Considering the tutorials and examples we currently have in our documentation we have noticed a high demand for new topics and video tutorials. More importantly, we are aware that the contribution process is not so straightforward for many of our new users. Even once everything is set up, navigating inside the pyside-setup repository might be challenging, since the structure is not common for other Python projects. We wanted to tackle that also with a series of video tutorials.
Here you can watch a general overview of all the Qt for Python related resources and websites:
Additionally, if you are interested into diving into the main repository of the project, but there are too many things inside and you are not certain where to look, we got you covered too:
We are currently preparing a couple more, so in case you want a specific topic Let us know! 🥳
Initial Nuitka Support
Compiling Python applications is complicated work, and many Qt for Python users are always looking for ways to deploy standalone binaries from their Python applications. This is why we created all the tools tutorials in our documentation.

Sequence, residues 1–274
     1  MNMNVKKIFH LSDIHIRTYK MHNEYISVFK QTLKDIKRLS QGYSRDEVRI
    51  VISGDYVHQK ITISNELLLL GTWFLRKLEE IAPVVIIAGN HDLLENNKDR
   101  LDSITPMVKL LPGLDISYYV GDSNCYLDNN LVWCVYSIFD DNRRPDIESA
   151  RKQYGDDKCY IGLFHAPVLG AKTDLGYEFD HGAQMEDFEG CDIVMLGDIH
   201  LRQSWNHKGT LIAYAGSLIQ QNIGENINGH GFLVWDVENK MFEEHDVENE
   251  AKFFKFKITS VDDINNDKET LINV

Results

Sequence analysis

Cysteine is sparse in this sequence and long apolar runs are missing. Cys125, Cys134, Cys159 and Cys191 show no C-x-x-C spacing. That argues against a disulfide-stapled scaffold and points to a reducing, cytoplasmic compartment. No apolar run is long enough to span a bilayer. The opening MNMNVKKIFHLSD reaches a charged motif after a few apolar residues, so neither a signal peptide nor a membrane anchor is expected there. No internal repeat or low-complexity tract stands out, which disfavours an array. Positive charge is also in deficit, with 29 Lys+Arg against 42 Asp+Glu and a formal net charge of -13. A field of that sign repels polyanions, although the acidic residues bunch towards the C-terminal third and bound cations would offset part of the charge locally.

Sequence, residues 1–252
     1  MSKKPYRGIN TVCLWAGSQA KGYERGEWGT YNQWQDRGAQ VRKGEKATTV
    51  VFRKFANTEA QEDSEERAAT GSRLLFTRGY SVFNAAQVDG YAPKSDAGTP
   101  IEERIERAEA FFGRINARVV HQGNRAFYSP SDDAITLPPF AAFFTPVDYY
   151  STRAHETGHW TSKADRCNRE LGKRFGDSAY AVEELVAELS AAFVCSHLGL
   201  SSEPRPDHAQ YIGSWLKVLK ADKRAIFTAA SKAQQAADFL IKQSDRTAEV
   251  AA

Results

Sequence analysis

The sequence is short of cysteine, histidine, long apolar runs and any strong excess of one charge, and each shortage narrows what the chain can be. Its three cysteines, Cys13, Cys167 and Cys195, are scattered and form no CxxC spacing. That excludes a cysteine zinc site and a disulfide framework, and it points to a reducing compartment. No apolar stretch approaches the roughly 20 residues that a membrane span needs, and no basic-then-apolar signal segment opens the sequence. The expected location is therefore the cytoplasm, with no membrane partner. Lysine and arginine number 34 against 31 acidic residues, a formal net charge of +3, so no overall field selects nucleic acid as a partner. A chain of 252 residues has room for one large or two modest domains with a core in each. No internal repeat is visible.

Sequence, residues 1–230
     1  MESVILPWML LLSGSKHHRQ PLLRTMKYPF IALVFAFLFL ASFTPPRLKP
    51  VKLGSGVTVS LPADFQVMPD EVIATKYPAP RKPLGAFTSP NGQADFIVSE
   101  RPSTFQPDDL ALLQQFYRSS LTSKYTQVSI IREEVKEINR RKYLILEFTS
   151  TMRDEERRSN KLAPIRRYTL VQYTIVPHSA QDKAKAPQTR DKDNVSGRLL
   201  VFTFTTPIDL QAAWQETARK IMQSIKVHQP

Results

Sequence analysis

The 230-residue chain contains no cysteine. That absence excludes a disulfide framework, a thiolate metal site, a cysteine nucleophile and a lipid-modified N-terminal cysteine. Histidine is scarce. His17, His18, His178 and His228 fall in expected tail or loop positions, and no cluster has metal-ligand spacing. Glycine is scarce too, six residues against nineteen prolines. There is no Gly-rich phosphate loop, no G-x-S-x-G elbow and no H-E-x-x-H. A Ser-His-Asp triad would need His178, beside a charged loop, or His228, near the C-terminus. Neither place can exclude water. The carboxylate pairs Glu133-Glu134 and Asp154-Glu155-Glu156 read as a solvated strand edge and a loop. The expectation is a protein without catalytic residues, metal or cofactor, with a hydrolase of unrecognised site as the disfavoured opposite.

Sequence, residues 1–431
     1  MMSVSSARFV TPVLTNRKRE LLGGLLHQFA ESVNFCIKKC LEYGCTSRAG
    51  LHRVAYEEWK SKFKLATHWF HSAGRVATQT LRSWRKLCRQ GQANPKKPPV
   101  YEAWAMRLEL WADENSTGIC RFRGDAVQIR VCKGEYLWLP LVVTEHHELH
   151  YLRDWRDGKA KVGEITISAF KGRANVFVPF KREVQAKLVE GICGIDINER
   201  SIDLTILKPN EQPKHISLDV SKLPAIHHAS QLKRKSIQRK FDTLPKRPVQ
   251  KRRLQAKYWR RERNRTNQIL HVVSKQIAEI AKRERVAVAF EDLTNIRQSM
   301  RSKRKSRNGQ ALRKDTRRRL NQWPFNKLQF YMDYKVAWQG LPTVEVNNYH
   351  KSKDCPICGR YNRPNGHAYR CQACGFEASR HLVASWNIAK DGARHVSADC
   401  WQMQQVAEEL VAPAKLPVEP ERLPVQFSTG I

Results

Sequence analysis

So far, all the solutions are based on the idea of packaging the Python code, and distributing it, but none of them was focused on compiling the code, here is where Nuitka ticks all the boxes.
We love Nuitka, and we are certain you will love it too!
If this name is new to you, in a nutshell we can tell you that it’s a Python compiler written in Python, you can read more in their website.
We are thankful for all the time Kay Hayen took to make Nuitka compatible with PySide 6.1, and we are looking forward to hearing from your own experiences what we could improve from this joint effort.
Commercial Offering: Shiboken Wizard
We know generating bindings for C++ projects can be a difficult task when we are not familiar with the necessary boilerplate code related to the objects discovered, used primitive types, the typesystem configuration, and even the required cmake file, so we wanted to start making the product smoother.
This version includes a Technical Preview for a new tool we have been developing for our commercial customers, called Shiboken Wizard, which is an easy-to-use UI to configure and generate your bindings.
Here you can find a video of the workflow with one of our examples:
We would love to hear back from you on how we can keep improving the tool 🙌.
We are still working on new features, because our goal is to provide much more than just Python bindings for Qt, and we want to improve the project to be more compatible with the Python ecosystem and improve the development experience.
We want to keep trying new experimental support, features, and python module integration. What should we do next? Drop us a message or open a suggestion on JIRA 👍.
One of the things we are working on is the interaction with the pathlib module, to properly handle everywhere in our API when we work with paths and filenames. Finally, we are trying to address an old but exceedingly popular feature request: be PyPy compatible.